I’d love to add “The Master – Marvin Gaye” 4 CD collection (Motown) and Brave Combo & Lauren Agnelli’s “Kiss of Fire” (Watermelon) to the list, because they’re both wonderful; but I did find out (after the fact, natch) that neither came out this year (heck, the Marvin anthology wasn’t even from ‘96; it was from whatever that year was they had just before ‘96). Anyway, they were definitely two of the year’s major discoveries for me.

Also brilliant (at least very swell, indeed) were: NRBQ’s “You’re Nice People You Are” (Rounder), supposedly their “children’s” album; Margaret Leng Tan’s haunting “The Art of the Toy Piano” (Point Music); Don Byron’s fascinating re-creations of vintage Ellington, Raymond Scott, and John Kirby on “Bug Music” (Elektra Nonesuch); Patty Larkin’s “Perishable Fruit” (High Street), which sustains a lovely, drifting mood throughout; Letters to Cleo’s “Go!” (Revolution)(for all of us dis-placed Go-gos fans); Of Montreal’s “Cherry Peel” (Bar/None), a welcome new branch in the Jonathan Richmond/Kinks/tunefully whimsical tree; Derrick Morgan’s “Time Marches On” (Heartbeat), featuring many fabulous vintage Skatalites band tracks; the “Tree’s Lounge”soundtrack (MCA) (and also from ‘96, now that I mention it ), featuring my other single major discovery of the year, Bill Deal & the Rondells’ “I’ve Been Hurt”, plus the Mills Bros., the Ink Spots, Shane MacGowan, and Brenda Lee; and Caetano Veloso’s recent soundtrack to “Tieta De Agreste” (Blue Jackal), a very pretty Brazilian orchestral album that also features Gal Costa. (I’m tempted to add Jonatha Brook’s new “10c Wings” (MCA/Refuge), but I’ve only heard the first four songs. So far, so good, though.)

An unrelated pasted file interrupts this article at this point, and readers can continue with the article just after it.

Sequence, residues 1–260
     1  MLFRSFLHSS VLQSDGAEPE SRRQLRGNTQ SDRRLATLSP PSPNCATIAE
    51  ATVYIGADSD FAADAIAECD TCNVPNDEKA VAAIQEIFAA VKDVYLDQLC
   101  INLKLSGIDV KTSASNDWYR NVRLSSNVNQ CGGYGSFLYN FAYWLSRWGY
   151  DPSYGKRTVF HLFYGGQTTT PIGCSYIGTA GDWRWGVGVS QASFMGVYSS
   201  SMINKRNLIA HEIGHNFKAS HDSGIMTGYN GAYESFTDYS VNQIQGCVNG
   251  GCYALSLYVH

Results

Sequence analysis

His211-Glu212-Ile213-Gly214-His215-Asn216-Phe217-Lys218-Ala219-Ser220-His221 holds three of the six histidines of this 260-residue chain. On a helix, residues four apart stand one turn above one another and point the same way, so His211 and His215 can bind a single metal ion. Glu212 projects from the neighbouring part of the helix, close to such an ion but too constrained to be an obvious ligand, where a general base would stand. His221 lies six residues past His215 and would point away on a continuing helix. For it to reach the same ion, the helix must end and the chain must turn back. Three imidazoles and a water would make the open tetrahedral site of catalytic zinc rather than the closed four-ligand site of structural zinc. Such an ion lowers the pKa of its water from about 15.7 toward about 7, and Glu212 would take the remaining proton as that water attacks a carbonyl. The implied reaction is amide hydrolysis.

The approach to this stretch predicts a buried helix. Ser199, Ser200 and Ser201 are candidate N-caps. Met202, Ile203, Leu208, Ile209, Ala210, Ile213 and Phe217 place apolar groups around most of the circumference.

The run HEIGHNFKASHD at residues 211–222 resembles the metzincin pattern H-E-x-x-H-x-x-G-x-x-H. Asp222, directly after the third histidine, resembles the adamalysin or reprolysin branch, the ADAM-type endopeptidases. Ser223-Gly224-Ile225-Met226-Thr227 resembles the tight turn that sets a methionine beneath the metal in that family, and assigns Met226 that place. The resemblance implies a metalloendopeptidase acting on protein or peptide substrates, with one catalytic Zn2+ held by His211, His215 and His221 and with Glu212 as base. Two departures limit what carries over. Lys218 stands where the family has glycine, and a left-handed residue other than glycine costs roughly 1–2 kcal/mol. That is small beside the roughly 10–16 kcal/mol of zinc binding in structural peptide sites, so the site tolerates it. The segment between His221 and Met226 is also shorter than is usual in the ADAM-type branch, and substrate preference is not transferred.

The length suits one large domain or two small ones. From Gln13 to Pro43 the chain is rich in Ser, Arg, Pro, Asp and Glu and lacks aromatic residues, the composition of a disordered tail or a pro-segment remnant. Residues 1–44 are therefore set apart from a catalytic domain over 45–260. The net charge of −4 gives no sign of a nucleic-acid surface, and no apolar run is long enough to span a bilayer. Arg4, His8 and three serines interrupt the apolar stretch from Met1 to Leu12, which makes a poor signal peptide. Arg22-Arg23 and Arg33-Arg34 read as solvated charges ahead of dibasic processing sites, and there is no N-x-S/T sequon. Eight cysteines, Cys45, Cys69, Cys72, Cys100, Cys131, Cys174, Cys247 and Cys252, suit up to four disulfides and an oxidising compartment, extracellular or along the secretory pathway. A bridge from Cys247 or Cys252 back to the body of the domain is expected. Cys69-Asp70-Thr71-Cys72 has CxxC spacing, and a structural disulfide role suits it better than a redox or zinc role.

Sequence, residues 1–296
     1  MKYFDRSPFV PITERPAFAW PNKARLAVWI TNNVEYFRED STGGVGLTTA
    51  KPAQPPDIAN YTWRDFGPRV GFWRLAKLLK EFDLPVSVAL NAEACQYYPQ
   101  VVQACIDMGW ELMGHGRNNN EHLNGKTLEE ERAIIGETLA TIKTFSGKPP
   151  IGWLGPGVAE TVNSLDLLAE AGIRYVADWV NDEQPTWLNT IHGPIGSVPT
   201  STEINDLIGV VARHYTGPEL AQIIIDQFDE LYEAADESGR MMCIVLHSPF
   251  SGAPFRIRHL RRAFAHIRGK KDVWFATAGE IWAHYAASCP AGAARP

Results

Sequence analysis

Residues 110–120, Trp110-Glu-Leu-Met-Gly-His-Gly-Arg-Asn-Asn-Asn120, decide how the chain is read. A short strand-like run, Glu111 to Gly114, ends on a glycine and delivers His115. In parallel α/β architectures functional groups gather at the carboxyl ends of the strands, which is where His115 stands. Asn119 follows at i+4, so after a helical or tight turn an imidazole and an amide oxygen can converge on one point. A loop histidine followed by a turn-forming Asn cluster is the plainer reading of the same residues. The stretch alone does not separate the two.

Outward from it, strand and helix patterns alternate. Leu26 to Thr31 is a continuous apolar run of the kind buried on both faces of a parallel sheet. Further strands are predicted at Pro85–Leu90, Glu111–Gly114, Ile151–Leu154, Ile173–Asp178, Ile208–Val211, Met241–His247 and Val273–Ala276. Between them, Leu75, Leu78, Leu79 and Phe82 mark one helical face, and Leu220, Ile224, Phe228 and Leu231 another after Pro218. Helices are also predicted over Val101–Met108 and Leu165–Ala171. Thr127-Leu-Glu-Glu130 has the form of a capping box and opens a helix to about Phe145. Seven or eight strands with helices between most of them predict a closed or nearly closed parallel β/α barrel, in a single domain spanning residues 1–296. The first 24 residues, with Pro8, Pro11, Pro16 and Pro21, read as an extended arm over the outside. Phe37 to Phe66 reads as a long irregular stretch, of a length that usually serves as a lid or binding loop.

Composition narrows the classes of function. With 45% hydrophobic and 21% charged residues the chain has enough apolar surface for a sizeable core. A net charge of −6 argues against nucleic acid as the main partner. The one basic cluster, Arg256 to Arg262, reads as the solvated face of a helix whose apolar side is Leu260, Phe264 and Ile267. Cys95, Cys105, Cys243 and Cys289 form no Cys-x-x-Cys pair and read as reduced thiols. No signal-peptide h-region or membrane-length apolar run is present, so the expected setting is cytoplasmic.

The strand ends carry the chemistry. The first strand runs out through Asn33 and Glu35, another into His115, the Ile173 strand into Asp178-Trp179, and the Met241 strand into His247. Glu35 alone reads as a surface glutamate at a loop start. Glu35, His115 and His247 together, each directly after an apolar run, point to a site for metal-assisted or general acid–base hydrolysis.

Also, “Count Your Blessings” (Alert Music Inc), a recording of a live concert of Christmas music featuring Jane Siberry, Mary Margaret O’Hara, Holly Cole, Rebecca Jenkins, and Victoria Williams, together and in turn, accompanied by pianist Tim Ray that is the most interesting new Xmas release I’ve been able to find in the current crop; the title song and Ms. Siberry’s two songs are particularly lovely, and Holly Cole’s tracks particularly disposable; still, a very strong collection (though it seems to be a Canadian release from 1994; worth a search, though). I even like Altan’s “Runaway Sunday” (Virgin), despite an extreme anti-Celtic music bias that I’m quite proud of, in general; but there’s a song on this one, (“A Moment in Time”) that is absolutely gorgeous. And don’t forget my good friend Ken Field’s “Subterranea” (OoMusic), a very unconventional yet approachable album of not-jazz featuring the saxophone, percussion, and (gasp!) flute meanderings of the talented title character.

The year’s most promising debuts were made by Jason Falkner, Skavoovie and the Epitones, locals the High Kings and Anna Whiteley, the afore-mentioned Of Montreal, and the brand new You Am I, whose new “Hourly, Daily” (Sire) is a brash pop album with echoes of earlier british bands like the Kinks, the Who, and XTC, and a couple of swell songs.

And that’s it. Go forth and purchase.